Hind dew claws were valuable for your dog's ancestors. Originally, canines had catlike behavior, using their hind dew claws to climb trees. However, with canine evolution, the nails became obsolete.

Unlike canine toenails, dew claws are loosely attached, making them more susceptible to trauma.


Whether your dog has an injured toenail or dew claw, the distress signals are identical:

  • holding up the hurt paw
  • limping
  • licking the site of injury
  • red or swollen nail tissue
  • bleeding


Generally, a ripped nail falls into three categories:

  • completely detached and bleeding
  • broken or split but loosely attached
  • broken or cracked but well-attached

The most severe injury is a broken nail that's firmly attached.


By now, you may be wondering, "How can I treat my dog's broken nail at home?" Well, the first step is seeing if the break involves the nail "quick." This term means the shaded part inside the nail, closest to your dog's body. The quick is living tissue, housing a blood vessel and nerve.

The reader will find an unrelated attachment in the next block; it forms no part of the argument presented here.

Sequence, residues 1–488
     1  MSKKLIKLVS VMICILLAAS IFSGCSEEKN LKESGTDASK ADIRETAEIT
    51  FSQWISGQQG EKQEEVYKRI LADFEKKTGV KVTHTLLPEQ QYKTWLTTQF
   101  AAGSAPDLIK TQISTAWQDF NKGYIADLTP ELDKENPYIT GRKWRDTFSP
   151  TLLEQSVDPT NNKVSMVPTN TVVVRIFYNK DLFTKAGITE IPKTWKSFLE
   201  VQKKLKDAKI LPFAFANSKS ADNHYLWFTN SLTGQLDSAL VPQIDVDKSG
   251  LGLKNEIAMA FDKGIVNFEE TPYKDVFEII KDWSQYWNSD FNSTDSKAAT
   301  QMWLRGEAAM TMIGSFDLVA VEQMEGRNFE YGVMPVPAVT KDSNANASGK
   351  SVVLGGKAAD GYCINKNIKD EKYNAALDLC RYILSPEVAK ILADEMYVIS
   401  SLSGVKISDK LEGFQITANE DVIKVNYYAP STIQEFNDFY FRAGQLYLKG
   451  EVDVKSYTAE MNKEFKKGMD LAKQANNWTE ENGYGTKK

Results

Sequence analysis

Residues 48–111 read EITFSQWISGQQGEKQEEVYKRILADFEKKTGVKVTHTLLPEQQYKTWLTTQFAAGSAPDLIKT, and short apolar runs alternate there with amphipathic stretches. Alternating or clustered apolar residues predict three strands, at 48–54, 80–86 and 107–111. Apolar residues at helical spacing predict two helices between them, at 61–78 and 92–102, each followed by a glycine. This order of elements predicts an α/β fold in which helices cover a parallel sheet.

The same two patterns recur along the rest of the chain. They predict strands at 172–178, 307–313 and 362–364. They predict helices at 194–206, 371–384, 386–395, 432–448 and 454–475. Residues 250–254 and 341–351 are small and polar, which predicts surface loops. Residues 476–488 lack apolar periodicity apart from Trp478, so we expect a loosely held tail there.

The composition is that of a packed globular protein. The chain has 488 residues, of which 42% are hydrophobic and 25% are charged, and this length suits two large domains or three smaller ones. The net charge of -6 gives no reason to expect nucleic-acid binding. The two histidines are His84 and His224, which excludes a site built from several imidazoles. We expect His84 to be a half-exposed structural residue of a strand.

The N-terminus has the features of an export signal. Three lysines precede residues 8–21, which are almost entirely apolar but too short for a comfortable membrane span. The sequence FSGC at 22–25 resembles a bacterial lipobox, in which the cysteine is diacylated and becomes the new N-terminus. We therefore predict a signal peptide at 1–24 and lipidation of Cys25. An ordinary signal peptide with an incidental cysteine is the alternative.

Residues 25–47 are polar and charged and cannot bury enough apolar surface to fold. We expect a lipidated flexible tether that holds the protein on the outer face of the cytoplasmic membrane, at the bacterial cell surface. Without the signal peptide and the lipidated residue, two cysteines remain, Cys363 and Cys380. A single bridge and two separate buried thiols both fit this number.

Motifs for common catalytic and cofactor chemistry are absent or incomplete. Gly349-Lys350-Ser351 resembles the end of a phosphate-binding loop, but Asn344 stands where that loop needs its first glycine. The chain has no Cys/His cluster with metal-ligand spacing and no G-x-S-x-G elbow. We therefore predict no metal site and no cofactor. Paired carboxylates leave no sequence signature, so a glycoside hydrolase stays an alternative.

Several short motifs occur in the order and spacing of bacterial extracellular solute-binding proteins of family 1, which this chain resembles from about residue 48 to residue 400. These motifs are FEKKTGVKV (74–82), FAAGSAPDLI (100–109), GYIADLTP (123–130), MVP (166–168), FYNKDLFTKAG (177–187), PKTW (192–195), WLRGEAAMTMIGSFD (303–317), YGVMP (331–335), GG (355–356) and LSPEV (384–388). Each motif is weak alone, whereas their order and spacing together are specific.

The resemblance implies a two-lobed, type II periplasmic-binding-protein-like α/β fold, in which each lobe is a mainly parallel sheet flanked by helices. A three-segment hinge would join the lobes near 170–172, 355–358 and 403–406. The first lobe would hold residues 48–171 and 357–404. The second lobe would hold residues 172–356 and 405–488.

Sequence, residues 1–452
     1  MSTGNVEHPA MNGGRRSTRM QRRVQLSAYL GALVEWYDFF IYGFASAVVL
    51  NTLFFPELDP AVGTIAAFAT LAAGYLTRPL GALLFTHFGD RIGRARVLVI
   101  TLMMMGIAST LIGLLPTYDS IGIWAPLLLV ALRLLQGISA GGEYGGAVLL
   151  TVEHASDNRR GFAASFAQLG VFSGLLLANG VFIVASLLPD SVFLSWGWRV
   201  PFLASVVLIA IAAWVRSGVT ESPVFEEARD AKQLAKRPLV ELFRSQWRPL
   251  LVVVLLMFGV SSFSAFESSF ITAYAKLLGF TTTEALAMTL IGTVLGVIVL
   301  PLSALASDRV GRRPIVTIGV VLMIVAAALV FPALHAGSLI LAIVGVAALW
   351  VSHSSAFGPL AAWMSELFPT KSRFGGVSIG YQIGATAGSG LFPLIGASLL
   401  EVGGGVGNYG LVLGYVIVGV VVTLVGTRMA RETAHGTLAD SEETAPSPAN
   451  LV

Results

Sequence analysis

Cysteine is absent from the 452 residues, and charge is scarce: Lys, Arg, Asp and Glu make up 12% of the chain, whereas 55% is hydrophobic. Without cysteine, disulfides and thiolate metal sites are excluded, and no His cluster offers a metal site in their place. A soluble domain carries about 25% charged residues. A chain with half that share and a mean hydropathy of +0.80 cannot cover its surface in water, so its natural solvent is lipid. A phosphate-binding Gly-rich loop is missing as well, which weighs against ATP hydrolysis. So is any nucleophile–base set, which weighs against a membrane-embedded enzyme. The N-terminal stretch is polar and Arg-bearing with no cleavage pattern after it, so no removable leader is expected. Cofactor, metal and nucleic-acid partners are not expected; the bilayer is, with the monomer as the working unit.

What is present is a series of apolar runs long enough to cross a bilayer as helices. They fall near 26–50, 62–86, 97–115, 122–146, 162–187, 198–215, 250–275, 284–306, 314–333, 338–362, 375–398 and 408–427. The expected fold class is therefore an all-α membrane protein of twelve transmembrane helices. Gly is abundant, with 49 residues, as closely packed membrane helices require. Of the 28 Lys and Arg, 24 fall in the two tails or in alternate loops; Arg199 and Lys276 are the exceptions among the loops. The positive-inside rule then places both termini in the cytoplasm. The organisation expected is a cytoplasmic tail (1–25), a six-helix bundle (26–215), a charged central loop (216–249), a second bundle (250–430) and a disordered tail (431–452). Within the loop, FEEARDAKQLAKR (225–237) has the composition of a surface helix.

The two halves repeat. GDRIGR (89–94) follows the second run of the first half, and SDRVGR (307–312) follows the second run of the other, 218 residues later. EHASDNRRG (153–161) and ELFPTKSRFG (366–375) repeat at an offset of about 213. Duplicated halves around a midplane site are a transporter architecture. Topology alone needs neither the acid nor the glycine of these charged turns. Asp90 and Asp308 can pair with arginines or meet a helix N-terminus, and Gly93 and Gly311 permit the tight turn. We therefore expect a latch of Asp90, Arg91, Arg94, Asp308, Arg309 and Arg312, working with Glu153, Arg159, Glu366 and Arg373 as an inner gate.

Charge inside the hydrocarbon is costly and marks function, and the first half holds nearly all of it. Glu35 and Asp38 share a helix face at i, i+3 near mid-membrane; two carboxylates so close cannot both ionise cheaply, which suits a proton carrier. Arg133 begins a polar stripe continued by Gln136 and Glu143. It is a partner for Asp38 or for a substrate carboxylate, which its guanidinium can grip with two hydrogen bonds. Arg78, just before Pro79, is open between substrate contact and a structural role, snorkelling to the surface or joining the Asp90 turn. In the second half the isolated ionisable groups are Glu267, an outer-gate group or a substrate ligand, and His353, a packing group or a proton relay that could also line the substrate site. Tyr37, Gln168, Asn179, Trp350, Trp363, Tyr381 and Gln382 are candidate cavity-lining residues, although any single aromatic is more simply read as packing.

If your dog has light-colored nails, you'll see a pink area within each one. That's the quick. Does your dog have dark nails? If so, their quicks are gray. To find them, examine the claws under bright light.

Now that you've located the nail quick, you can proceed to the next step. Home treatment should be feasible if:

  • The break in the nail occurs before the quick.
  • The claw has completely broken off, accompanied by mild bleeding.
  • A torn dew claw is loosely attached, and bleeding is minimal.


If your dog is very sore, they may resist your help. Behaviours vary, according to a pup's temperament. Some pets withdraw, whimper, or cower, while others may growl or bite. If you fear getting nipped, apply a muzzle if you have one.